An alum of Damien Memorial High School, Cabiles recently graduated magna cum laude with a B.A. in Religious Studies from Chaminade University. Now employed as the Chancellor of the Diocese of Honolulu, his responsibilities are vast and varied. As Chancellor, Cabiles serves as chief notary, record keeper and archivist of the Diocese. He is Liaison for the Diocese’s new columbaria/cemetery services, Chair of the COVID-19 Task force and recently named Co-Associate Director for Permanent Deacon Formation. He sits on the Bishop’s Administrative Advisory Council, Priest Retirement Committee and Campaign for Human Development Committee. He is a member of the Roman Catholic Church in the State of Hawai‘i Corporation and serves as the respondent advocate in the Tribunal Office.
At the parish level, Cabiles is involved in Baptism Preparation and enjoys activities related to Adult Faith Formation and feeding the hungry once a week in Waikīkī. He presides over Communion services on Mondays at St. Augustine and on Fridays at Blessed Sacrament in Pauoa.
As the father of Kacie, 13, and Hailey, 11, Cabiles finds his days are generally packed full. “Between raising a family, work, ministry, extended ‘ohana and friends and finishing up a graduate degree, life can be absolutely overwhelming,” he acknowledges. “In the call to be a Deacon, God pours on the necessary charisms to help the journey—even if it’s simply the gift of being okay with four hours of sleep!”
The Deacon, Cabiles reminds us, is an icon of Christ the Servant. “Serving the Church is what we are called to do. For me personally, I must constantly remind myself service doesn’t mean only doing what I want to do nor is service something only done if I have the time. There’s a level of sacrifice explicit in the call to be a cleric. And I accept this as a reality, keeping faith I will be able to accomplish His will.”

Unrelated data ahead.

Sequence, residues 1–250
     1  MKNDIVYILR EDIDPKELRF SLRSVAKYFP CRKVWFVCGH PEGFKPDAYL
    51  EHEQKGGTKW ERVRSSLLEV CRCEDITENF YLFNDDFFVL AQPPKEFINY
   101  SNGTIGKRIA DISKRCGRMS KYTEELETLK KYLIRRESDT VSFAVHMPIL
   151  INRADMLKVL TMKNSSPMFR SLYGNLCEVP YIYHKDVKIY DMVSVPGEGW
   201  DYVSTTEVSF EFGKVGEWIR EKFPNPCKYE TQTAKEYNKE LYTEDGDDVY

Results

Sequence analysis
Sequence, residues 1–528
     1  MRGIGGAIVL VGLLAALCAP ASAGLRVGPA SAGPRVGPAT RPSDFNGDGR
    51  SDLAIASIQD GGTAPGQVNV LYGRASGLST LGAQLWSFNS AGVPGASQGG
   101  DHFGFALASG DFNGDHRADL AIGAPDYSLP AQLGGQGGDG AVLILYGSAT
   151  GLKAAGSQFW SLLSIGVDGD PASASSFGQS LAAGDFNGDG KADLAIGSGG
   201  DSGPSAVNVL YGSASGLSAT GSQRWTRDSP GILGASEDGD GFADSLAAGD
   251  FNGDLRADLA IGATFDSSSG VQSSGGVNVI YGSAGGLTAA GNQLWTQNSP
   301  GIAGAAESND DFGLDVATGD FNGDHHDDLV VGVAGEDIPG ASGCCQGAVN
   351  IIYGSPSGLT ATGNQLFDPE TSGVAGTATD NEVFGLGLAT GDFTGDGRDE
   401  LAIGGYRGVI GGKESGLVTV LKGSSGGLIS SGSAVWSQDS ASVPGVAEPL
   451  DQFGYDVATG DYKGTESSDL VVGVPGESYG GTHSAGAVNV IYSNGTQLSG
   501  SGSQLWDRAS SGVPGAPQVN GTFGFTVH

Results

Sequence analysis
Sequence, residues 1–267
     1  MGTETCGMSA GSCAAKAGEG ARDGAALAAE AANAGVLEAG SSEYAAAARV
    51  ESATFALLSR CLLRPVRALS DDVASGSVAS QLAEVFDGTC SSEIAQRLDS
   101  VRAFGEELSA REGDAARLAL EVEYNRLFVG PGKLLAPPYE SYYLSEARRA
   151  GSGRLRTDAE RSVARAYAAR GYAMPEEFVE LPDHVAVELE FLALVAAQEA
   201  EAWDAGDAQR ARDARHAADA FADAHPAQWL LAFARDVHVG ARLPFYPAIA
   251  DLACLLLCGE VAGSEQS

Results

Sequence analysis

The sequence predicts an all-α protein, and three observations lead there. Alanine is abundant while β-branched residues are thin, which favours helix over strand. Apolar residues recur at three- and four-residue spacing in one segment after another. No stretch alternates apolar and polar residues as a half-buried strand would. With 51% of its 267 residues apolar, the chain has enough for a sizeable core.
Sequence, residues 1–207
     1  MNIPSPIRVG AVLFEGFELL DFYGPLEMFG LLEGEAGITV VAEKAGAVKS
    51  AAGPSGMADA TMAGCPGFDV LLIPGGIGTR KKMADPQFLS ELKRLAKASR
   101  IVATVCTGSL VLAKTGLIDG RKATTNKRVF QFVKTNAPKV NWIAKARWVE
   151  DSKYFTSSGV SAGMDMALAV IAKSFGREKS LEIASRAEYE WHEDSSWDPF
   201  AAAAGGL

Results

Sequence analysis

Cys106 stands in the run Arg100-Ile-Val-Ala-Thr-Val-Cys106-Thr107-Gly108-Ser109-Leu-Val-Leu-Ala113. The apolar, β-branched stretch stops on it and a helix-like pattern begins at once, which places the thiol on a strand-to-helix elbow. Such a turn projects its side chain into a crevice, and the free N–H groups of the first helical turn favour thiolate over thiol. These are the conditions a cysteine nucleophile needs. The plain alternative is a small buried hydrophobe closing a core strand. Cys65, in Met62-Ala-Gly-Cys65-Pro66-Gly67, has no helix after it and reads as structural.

Cabiles finds his greatest motivation comes from his gratitude for God and all his blessings, even during hardship. “I am grateful for my amazing wife, my daughters, family and friends; beautiful church communities; a fulfilling ministry; and for a God that surrounds me with so much love and joy,” he says simply. Early on, his mentor blessed him with some profound and loving advice which served him well. “Deacon George suggested I immediately look for the good in everyone I encounter,” Cabiles recalls. “Focusing on someone’s goodness will allow you to be a better servant. That’s what being a Deacon is all about.”
Thank you Deacon Keith for sharing your story. This is certainly a message to our young men and women in our church to look and experience the Holy Spirit with interest on how God can make a difference in their lives. Deacon Keith you are truly gifted to give, your life and faith, and a witness to Jesus, for the ‘ohana in Christ.
May God continue to bless you in your endeavors! Jesus, I trust in You!
On June 18, 1987, Patrick Constantino was ordained as the first Deacon of Filipino ancestry for the Roman Catholic Church in Hawai‘i. For twenty-two years, he served as Administrator at Holy Rosary Church in Pā‘ia, St. Rita Church in Ha‘ikū and St. Gabriel Church in Ke‘anae. Constantino is presently assigned to St. Joseph Church in Makawao.
Prior to his ordination, Constantino was in government—first appointed in 1966 as Assistant Sergeant of Arms by the Speaker of the House Elmer F. Cravalho. When Cravalho became Maui’s first Mayor, Constantino became his Executive Assistant—the first of Filipino ancestry. Later, Constantino became the first County Treasurer of Filipino ancestry and the first County Grants Administrator and Risk Manager of Filipino ancestry.
Constantino has served as a Deacon for thirty-four years and married to his lovely wife Corazon for sixty years.